Little need be said as to the provision requiring the name of owner or operator to be painted in bold letters on each side of the operated cab. The fact is that in pursuance of KRS 281.350 the Division of Motor Transportation issued regulation No. 7 (Jan. 1, 1947) requiring every operated taxi to display on each side of the vehicle the name and office address of the owner; this regulation has been duly filed with the Secretary of State as required by law. Even if this were not true, we are of the opinion that the ordinance requirement is a valid police regulation.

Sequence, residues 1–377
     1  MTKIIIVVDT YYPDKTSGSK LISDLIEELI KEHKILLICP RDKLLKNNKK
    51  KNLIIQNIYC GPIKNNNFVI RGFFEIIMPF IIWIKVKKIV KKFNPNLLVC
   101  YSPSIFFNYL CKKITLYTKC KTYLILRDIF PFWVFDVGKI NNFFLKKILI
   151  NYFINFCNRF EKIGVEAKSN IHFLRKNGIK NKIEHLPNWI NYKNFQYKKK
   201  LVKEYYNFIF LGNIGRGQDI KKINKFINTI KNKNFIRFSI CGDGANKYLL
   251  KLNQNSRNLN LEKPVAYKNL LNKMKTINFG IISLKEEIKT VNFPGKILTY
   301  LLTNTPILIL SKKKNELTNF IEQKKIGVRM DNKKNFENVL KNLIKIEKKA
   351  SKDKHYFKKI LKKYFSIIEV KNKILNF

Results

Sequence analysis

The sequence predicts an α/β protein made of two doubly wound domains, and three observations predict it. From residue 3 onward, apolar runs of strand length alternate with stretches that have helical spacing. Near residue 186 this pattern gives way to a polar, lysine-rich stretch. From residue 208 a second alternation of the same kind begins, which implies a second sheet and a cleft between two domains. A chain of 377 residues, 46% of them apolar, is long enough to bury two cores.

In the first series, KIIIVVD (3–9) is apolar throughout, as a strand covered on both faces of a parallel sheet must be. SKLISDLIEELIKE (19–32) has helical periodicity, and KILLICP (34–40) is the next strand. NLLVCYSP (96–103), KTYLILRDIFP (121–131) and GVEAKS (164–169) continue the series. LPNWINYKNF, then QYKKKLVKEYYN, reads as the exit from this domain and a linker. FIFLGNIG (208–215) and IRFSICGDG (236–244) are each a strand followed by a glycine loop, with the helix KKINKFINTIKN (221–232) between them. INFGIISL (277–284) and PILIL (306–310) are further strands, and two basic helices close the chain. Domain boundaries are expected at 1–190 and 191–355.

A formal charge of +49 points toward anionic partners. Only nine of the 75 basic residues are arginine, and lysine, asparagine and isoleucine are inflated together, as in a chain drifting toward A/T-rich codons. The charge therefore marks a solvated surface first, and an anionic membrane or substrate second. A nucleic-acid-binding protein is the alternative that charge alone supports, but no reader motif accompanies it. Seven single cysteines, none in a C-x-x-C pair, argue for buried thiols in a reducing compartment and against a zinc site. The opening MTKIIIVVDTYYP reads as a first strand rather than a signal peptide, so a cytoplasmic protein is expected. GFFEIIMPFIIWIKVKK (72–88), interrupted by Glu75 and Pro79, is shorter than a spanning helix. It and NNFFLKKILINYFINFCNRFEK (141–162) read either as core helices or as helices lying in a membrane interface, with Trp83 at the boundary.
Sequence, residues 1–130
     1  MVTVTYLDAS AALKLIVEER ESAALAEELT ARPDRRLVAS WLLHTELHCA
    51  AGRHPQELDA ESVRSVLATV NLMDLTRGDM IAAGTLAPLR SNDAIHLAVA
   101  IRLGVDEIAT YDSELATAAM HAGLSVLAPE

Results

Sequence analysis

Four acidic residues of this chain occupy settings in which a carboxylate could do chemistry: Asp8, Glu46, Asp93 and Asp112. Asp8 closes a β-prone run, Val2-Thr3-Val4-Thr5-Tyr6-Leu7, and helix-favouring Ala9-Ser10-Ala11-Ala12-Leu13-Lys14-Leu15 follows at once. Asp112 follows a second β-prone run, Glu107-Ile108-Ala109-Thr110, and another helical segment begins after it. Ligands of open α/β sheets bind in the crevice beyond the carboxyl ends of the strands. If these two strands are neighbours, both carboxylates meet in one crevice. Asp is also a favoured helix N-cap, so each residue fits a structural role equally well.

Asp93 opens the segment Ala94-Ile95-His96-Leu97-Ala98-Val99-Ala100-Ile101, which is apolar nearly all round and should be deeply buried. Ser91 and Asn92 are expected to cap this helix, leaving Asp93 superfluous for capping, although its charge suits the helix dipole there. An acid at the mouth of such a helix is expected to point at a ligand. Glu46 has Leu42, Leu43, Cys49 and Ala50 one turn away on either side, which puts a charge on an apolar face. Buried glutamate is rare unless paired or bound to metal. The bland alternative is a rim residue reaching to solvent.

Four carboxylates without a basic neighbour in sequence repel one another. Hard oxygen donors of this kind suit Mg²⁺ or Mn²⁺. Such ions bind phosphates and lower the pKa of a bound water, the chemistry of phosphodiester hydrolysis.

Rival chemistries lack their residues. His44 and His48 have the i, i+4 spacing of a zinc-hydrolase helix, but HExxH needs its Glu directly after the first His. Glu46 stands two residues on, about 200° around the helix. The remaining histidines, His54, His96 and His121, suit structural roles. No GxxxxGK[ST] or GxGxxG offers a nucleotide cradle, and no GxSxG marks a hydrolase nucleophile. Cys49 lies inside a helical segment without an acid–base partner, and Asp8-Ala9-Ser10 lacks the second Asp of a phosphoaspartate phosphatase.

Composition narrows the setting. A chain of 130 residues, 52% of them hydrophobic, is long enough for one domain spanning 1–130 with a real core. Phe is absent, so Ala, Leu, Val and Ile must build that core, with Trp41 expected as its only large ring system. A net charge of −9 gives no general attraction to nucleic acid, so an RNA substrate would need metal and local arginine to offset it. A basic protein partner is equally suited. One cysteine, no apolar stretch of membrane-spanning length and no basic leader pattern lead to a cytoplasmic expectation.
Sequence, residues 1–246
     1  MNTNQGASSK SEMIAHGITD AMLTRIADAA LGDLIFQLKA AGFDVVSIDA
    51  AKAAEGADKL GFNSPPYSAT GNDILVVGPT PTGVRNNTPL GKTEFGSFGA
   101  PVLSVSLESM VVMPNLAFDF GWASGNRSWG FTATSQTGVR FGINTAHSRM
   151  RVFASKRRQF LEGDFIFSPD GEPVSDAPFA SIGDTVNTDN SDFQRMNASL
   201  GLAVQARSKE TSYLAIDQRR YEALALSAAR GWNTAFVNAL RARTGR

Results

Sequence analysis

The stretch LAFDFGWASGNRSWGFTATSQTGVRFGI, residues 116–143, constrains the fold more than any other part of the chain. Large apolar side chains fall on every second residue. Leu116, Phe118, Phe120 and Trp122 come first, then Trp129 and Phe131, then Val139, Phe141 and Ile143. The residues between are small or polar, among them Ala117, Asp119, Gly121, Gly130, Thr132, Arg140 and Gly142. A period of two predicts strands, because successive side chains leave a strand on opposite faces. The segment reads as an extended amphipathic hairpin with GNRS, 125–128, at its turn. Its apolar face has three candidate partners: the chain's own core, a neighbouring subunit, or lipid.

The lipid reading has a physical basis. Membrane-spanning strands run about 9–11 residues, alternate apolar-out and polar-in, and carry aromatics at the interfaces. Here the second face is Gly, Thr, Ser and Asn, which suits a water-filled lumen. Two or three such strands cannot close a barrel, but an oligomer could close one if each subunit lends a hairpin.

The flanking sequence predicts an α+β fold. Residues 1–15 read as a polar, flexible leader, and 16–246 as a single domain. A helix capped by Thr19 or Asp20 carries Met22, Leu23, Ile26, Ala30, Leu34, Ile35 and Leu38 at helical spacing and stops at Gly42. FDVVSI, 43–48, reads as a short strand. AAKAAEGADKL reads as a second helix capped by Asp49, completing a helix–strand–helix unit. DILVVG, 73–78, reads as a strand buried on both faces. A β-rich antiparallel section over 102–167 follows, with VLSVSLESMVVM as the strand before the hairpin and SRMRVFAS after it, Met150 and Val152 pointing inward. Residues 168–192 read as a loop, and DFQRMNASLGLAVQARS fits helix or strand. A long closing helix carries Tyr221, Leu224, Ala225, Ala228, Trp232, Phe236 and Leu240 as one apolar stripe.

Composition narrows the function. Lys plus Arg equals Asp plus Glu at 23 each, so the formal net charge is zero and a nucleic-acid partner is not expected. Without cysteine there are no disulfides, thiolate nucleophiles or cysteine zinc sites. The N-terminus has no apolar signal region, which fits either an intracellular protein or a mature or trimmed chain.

The final argument relating to the increase in annual fees does not seem to present a justiciable question, since each material allegation of the petition was denied, and no proof was introduced. The petition is quite voluminous covering some twelve or more pages, and is a little difficult to assimilate; we find it practicable and allowable to resort to appellants' brief to point out the chief grounds of complaint, since appellee in brief suggests that appellants' statement of facts is correct, though they do not agree with the expressed conclusions, upon which alone we are asked to hold that the license fee is exorbitant, discriminatory, and excessive to such an extent as to be confiscatory, making it impossible for appellants to continue in business.